Sylvia Earle Shares Hope for Our Waters
Sylvia Earle, the legendary oceanographer the New York Times and New Yorker dubbed “Her Deepness,” visited our islands as a guest of SCCF (Sanibel-Captiva Conservation Foundation) on Feb. 7.
In introducing her as the featured speaker for the 2nd Annual Paul McCarthy Memorial Lecture at the Sanibel Community House to a sold-out crowd, SCCF CEO Ryan Orgera aptly referred to her as “the soundtrack to our planet’s blue heart.”
“Sylvia isn’t the first explorer-scientist to show us the wonders of the ocean, but I would argue she is the first to truly show us the ocean through her unique blend of science and empathy,” he said.
“Whether or not you fully realize it, you are about to witness one of those figures history records as an extraordinary force for good. For me, she belongs in the conservation ranks of Rachel Carson, John Muir, or Theodore Roosevelt—her gift to us all is a better, more hopeful world, one in which we all learn to fight for the greatest wilderness on our planet.”
Earle, who fell in love with the Gulf of Mexico in the 1950s as a young girl growing up on the coast in Dunedin, captivated the audience with her honest and heartfelt appraisal of what needs to happen to reverse the degradation of earth’s oceans.
“No ocean. No us. We need the ocean and the ocean is in trouble. We have to figure out what the problems are. We have to figure out what the solutions are,” she said.
Earle has committed her life to doing just that. She has led more than 100 expeditions; including the first team of women aquanauts to inhabit an underwater lab. She has logged more than 7,000 hours underwater, including a 1979 descent to an ocean floor depth never before reached by humans. She also served as the chief scientist at the National Oceanic and Atmospheric Administration, is a National Geographic Explorer, and founder of the non-profit Mission Blue.
During her visit with SCCF, Earle was impressed by the islands’ culture of conservation. She took a morning cruise on the RV Norma Campbell out of the SCCF Marine Lab in Tarpon Bay. She was thrilled to see efforts in action to restore water quality including oyster and mangrove restoration.
“I’m encouraged. I come here to Sanibel and I see the choices you are making,” she said. For Earle, choosing to protect the oceans and provide safe havens instead of just viewing marine life as something that “swims in lemon slices and butter” is key to the future.
“It’s a new day. A new time. If you had to choose to be born and want to make a difference in the world, you know, this would be the best time ever,” she added.
As president and chairman of Mission Blue, Earle received immediate applause when she shared that the Florida Gulf Coast was recently designated as a Hope Spot – from the panhandle down to the Ten Thousand Islands. Building on the concept of protected marine reserves and the power of committed people and communities, Hope Spots are places where the tide is turning.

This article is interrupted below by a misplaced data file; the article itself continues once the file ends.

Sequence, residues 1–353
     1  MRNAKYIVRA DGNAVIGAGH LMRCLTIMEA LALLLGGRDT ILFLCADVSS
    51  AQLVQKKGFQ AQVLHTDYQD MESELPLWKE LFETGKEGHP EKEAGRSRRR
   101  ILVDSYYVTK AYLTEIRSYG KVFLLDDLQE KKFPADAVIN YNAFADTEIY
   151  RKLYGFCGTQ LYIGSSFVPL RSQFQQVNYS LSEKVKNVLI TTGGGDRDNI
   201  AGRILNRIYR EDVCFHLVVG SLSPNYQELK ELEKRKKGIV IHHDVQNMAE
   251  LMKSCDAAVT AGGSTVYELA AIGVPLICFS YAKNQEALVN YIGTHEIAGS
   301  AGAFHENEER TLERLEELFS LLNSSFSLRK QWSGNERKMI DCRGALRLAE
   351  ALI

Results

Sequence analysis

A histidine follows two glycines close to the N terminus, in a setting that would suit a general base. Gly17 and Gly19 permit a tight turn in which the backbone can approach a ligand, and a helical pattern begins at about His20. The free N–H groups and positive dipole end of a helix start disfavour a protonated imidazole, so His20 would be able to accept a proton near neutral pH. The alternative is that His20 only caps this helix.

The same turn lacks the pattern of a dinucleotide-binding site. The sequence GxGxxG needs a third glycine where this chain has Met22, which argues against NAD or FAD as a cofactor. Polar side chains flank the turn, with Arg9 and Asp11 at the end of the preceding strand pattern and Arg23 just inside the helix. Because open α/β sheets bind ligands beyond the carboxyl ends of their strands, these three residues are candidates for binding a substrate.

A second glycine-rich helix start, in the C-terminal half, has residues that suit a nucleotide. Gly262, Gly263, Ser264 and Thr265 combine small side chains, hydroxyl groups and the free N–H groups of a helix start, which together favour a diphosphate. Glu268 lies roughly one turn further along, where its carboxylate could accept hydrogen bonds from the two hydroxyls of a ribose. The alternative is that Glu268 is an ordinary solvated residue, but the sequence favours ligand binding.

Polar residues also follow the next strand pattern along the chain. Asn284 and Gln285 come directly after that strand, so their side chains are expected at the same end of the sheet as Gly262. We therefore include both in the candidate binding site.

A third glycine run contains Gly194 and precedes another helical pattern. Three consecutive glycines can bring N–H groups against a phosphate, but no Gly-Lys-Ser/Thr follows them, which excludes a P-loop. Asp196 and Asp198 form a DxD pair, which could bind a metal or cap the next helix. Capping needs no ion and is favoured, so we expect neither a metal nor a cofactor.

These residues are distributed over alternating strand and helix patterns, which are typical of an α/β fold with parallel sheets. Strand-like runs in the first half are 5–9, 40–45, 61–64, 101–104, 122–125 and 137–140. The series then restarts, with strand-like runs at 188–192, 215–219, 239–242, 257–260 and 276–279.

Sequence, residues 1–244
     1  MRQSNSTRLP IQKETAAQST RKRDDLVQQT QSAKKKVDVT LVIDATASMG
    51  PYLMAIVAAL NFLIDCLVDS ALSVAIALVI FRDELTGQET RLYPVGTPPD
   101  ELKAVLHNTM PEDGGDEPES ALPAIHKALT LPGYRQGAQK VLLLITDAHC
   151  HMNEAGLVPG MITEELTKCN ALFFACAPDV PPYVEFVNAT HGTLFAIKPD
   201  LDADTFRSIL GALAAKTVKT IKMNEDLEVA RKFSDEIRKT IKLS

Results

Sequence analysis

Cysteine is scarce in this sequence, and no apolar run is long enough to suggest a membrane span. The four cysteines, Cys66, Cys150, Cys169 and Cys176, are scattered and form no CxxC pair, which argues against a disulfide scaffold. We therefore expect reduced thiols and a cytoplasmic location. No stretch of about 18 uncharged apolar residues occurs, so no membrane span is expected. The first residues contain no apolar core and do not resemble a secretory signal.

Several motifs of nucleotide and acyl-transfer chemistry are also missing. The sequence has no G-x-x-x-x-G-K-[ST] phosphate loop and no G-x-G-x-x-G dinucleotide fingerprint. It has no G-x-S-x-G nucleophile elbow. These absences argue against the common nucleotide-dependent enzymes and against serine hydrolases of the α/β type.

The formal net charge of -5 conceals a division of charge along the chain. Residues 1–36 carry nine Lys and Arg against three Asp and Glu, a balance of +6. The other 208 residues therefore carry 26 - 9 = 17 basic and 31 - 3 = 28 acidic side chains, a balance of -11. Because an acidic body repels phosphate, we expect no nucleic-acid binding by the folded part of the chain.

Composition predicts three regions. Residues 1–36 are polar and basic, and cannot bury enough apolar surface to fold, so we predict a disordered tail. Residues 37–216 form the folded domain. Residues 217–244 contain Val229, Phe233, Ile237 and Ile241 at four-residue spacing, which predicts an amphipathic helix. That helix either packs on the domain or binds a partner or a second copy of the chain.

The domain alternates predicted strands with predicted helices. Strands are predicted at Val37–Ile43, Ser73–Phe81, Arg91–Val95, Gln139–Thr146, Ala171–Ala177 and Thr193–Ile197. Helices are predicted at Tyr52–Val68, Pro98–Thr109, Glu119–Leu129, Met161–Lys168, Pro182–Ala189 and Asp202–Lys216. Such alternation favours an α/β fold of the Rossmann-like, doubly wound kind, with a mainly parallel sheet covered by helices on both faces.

“Obviously in this community — more than in most that I get to see — you are already on the case, you are already turning things,” she said.
Her visit and perspective energized staff at SCCF. Kelly Sloan, SCCF’s sea turtle program coordinator, went on the boat trip and got to see Earle’s reaction to our waters.
“Meeting Dr. Earle was one of the highlights of my career,” said Sloan. “She is such an accomplished scientist, and witnessing her genuine love of the ocean reignited my passion for protecting our waters. Her sense of hope is absolutely infectious.”
Deeply invested in supporting fellow women in science, Earle had lunch with eleven staff members from SCCF and the Sanibel Sea School. At the lunch, she made a point to give each individual a chance to share her role.
“Being able to meet the woman who paved the way for all of us in marine science today was an opportunity that I know we will all remember forever,” said Nicole Finnicum, who manages operations and communications at the Sanibel Sea School
“Hearing stories of her adventures into the deep and doing things that no woman had done before left us feeling absolutely empowered and inspired. And, her stories reminded me of the importance of what we are doing today for future generations,” she added.
In sharing her vision of the future, Earle emphasized the need for more people, especially kids, to have the chance to spend time underwater to better understand and protect the oceans.
“I hope that within 10 years, we’ll be able to say, ‘You wanna go for a ride? Let’s go,’” Earle said. “The number of options we currently have to go deep? Way, way too limited, but it’s going to happen – it’s irresistible.”
Watch Sylvia Earle’s hour-long lecture on SCCF’s YouTube channel (youtube.com/SCCFSanibelCaptiva) to learn more about Hope Spots, which she hopes will become a network of action and shared global commitment. The Paul McCarthy Memorial Lecture is made possible through the Boler Family Foundation.